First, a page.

6. Next ground urged by the learned counsel for the detenu is that he had studied only upto 5th class and he does not know English language at all and the document annexed to detention order was not translated in Tamil. In this context, the learned counsel for detenu relied upon the decision of this Court in M. Ahamedkutty vs. Union of India & Anr., 1990 (2) SCC 1, that even if the document was within the knowledge of the detenu, the same had to be served upon him. He further relied upon the decision of this Court in Powanammal vs. State of T.N. & Anr., 1999 (2) SCC 413, to the effect that the serving of document in English would not be an effective compliance with the provisions of Article 22 of the Constitution and the documents had to be translated. He submitted that that was a document (document at page No. 13) which pertains to the declaration filed by him. It is the stand of the respondents that it was a customs declaration card filled up by the detenu himself and, therefore, he was aware of the contents of the said declaration and he had also stated in the course of his statement before the authorities that he had filled up such a card. It is not the case of the detenu that the said document was not furnished by him. The said declaration which had been filled by the detenu himself was furnished to him but the translation thereof was not given to him. The grievance of the appellant is that Tamil translation of the said document was not given to him. However, when the said document had been filled by the detenu himself wherein he made some entries, non-furnishing of Tamil translation of the same would not result in any non-compliance of a document of which he had no knowledge. If he had made a declaration and same is supplied to him, we do not think that the same can be treated as non- furnishing of a document or furnishing of a document the translation of which is needed. Therefore, the two decisions on which the learned counsel for the detenu has placed reliance will be of no assistance to him.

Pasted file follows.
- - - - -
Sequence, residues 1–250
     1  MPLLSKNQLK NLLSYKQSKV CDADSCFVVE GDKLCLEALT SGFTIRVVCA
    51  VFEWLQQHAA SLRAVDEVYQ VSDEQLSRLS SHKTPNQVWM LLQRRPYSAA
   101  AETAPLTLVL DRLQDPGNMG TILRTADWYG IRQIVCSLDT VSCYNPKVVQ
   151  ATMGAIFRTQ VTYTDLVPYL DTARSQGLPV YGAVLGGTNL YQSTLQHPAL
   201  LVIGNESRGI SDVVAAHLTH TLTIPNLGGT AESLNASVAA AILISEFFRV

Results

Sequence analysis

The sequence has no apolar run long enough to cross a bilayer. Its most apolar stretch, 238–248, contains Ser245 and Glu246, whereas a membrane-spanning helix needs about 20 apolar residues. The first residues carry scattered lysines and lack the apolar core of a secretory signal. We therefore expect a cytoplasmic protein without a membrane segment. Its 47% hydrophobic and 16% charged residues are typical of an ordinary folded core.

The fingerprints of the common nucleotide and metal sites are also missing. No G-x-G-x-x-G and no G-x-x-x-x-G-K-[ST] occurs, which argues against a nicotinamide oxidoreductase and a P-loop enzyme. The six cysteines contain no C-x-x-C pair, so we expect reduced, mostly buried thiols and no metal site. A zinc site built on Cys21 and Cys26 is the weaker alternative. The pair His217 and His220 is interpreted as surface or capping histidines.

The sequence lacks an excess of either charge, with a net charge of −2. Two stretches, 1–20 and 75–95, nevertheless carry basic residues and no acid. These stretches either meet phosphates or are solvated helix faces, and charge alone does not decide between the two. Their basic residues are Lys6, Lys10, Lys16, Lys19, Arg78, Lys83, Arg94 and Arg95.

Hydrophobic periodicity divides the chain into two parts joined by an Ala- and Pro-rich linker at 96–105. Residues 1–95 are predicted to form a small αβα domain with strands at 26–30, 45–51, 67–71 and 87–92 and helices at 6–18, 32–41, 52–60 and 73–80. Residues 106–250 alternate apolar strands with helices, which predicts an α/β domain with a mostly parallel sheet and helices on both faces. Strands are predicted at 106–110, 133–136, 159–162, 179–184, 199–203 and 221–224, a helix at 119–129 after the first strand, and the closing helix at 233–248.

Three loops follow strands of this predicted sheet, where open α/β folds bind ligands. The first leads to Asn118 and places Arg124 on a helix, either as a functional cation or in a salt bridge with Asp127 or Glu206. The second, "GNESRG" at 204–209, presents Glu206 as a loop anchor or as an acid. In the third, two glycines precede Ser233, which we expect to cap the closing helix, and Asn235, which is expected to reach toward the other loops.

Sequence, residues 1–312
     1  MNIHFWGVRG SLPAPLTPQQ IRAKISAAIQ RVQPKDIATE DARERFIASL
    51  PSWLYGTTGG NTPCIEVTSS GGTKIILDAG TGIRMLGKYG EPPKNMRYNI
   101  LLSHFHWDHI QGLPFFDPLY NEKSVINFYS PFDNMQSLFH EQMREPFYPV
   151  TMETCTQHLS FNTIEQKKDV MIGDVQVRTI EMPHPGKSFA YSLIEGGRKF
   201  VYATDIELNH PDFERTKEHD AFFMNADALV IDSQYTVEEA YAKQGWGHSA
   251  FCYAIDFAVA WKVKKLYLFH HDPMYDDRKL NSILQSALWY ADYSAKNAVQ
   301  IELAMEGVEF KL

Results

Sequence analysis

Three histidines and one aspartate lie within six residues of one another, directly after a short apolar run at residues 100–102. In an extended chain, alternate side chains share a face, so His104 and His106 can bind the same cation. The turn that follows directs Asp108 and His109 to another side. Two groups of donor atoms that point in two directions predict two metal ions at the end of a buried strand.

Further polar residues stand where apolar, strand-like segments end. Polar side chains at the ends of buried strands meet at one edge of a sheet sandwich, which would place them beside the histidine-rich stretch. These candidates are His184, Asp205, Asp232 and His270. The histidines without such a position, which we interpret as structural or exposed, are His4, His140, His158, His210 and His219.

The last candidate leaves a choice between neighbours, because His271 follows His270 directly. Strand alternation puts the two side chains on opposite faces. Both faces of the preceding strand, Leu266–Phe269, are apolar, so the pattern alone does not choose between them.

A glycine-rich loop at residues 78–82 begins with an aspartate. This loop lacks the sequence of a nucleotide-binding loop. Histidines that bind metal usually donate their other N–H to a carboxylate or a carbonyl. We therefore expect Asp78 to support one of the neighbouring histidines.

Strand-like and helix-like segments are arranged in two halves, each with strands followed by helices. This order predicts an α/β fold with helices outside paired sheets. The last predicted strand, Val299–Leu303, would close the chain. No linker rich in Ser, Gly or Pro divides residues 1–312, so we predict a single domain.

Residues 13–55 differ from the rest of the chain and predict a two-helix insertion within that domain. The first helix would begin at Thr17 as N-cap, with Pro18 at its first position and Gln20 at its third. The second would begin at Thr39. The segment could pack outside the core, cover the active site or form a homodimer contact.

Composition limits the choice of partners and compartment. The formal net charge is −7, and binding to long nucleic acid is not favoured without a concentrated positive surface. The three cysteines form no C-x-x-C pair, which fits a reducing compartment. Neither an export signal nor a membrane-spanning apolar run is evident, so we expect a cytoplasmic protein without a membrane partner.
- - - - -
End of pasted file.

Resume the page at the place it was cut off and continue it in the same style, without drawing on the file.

7. He next contended that out of the three baggages seized from him one baggage did not contain baggage tag and the baggage being a checked in baggage there must be claim tag and a portion of the tag should have been affixed in the Air ticket and to prove the ownership of the baggage there must be baggage tag and claim tag; that here in the present case there is no baggage tag or claim tag and thus under these circumstances, there is no iota of evidence to prove that the baggage belonged to the detenu except the statement of the detenu; that thus it was contended that the detenu had only one checked in baggage that is a black colour zipper bag having marking Aero Star and the two baggage vide Grey colour zipper bag having marking as Fly way bag to the future and black colour zipper bag bearing marking as red stone did not belong to him;